|Country Of origin:||United States of America|
One of the most ubiquitous voices of his time, Ken Nordine became an active radio personality in the 1950s and his voice became more easily recognizable over the next several decades through his work as a narrator, voice-over actor, and through albums of fluid, jazz-backed free associative poetry he dubbed "word jazz". Nordine's voice was heard in countless radio and television ads, and his creative output ran in close parallel to the beat poetry movement. His smooth and often lighthearted spoken creations resulted in not just a series of Word Jazz albums, but the 1966 album Colors, in which Nordine attributed personality traits to 34 different colors in a song for each.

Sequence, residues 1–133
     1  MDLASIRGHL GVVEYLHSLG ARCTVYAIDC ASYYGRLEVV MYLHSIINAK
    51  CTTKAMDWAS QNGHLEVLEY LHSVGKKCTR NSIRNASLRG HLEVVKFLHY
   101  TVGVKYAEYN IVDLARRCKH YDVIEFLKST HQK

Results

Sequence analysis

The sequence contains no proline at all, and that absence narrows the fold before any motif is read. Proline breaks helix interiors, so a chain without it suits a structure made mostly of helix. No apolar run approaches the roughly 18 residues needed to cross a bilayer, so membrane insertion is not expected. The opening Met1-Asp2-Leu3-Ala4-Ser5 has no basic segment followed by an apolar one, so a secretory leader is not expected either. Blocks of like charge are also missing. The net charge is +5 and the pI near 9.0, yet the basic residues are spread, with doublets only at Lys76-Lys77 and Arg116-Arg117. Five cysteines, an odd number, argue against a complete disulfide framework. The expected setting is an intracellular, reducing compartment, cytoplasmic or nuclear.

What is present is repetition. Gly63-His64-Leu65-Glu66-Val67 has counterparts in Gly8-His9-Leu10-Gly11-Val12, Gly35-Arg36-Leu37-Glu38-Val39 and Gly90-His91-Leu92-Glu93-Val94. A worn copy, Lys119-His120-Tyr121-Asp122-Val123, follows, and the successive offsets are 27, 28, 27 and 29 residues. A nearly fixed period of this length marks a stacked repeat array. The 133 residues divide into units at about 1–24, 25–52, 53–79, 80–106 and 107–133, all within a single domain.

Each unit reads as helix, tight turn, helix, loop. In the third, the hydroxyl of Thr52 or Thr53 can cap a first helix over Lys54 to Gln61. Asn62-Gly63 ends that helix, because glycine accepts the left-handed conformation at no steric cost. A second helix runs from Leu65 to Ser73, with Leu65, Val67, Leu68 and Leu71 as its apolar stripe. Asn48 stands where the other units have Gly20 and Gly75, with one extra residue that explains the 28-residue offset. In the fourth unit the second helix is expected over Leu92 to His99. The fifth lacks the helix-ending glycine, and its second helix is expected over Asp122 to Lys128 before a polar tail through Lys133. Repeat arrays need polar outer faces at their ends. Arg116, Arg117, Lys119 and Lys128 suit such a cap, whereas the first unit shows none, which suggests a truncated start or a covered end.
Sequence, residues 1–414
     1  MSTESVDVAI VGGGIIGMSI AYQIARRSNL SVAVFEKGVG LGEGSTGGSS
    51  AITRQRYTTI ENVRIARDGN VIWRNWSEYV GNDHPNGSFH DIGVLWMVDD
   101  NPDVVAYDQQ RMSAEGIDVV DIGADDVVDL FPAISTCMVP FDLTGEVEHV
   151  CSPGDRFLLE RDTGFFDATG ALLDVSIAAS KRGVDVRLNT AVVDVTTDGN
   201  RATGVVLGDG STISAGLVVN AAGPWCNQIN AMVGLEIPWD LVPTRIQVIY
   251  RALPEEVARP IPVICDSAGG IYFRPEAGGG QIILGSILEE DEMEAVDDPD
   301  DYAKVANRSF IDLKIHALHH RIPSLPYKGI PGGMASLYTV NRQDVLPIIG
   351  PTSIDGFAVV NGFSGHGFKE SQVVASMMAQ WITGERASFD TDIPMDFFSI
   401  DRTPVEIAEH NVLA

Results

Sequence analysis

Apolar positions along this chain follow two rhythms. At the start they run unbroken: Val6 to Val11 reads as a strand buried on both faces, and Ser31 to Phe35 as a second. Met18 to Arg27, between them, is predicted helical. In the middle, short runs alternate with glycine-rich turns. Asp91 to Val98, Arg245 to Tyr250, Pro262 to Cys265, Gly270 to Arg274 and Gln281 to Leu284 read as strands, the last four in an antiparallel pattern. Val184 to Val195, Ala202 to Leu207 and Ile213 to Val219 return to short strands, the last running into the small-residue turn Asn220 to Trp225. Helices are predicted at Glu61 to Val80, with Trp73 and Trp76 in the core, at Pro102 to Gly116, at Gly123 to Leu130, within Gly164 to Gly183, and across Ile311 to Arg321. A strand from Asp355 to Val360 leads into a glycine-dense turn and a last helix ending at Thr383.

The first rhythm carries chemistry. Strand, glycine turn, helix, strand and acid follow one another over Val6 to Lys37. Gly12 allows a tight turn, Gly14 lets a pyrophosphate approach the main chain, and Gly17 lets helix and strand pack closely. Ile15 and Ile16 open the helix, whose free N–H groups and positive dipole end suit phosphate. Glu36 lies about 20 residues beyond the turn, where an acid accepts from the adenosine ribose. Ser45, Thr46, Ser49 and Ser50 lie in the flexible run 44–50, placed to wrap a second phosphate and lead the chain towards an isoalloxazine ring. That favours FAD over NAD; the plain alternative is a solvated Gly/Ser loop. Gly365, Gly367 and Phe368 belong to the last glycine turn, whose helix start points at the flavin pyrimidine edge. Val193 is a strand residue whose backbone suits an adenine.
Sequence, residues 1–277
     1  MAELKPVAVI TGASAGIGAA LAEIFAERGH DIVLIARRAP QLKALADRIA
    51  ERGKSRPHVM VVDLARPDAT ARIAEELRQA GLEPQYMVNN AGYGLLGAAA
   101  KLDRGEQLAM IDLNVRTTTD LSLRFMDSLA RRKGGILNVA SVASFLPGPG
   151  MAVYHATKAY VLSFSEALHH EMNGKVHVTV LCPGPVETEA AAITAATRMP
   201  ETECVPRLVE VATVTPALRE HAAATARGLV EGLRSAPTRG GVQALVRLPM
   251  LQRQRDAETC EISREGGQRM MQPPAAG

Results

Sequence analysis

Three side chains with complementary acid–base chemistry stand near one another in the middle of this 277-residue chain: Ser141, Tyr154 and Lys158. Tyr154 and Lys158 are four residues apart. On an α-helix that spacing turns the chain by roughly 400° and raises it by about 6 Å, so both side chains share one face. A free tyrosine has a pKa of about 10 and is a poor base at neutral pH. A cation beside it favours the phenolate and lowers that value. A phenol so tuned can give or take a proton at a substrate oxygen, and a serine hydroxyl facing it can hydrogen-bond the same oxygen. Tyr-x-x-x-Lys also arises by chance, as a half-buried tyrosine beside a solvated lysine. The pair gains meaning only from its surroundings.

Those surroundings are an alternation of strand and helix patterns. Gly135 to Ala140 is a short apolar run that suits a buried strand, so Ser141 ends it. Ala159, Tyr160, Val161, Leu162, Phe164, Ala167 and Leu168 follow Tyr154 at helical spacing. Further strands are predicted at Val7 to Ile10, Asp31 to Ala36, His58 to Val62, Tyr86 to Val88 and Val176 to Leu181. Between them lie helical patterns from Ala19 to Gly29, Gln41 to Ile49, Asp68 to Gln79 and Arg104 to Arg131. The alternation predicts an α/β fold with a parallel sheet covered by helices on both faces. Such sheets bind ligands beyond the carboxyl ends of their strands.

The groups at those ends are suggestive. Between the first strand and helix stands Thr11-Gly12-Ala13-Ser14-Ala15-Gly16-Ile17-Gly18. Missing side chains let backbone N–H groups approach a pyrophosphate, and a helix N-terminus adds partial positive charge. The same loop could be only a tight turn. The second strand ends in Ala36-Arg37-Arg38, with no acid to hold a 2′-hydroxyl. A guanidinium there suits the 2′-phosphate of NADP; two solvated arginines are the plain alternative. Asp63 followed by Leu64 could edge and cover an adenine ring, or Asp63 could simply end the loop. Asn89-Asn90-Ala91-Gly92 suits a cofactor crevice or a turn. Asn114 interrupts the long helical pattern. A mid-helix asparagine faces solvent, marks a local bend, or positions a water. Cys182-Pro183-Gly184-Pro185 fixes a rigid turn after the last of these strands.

Nordine was born in Cherokee, Iowa in 1920. He relocated to Chicago, where he became involved in radio in the '40s and '50s, working mostly as a voice-over artist but also with a poetry show. In the mid-'50s when giving a reading of material by Edgar Allan Poe and T.S. Eliot, Nordine began improvising darkly humorous stories. This moment set the scene for his first forays into word jazz, and the first Word Jazz album came out in 1957. Backed by Chico Hamilton and his group working under the pseudonym the Fred Katz Group, Nordine's smooth baritone poems and lighthearted narratives were backed by hip jazz instrumentals. Word Jazz led to subsequent volumes of the series, including 1958's Son of Word Jazz and 1960's Word Jazz, Vol. 2. While often light or humorous in nature, there was a dark side to Nordine's poetry as well. Many of his compositions looked critically at society and human nature. In the early '60s Nordine was hired by the Fuller Paint Company to write and record ten poems about different colors that they would use as advertisements, Nordine's familiar voice and word style selling the different colors of paints. Nordine enjoyed this commission so much that he expanded the concept into 1966's Colors, where he free-associated poems dedicated to specific colors over airy jazz backgrounds. Over the years Nordine would collaborate with artists and celebrities of all stripes. This included work with Fred Astaire, Muppets creator Jim Henson, avant-garde multi-media artist Laurie Anderson, and he even had a stint in the early '90s that found him collaborating with members of the Grateful Dead, both in performance and on record. His syndicated radio show (also titled Word Jazz) ran for over 40 years, and he continued creative work in addition to his work in radio and television, releasing albums like 1979's Stare with Your Ears, 1984's synthy Triple Talk, and 2001's Transparent Mask. In 2007, he performed at the David Bowie-curated High Line Festival. Nordine died in Chicago in 2019 at the age of 98, having stayed active in performance and creative output right up until his final days. ~ Fred Thomas~ Rovi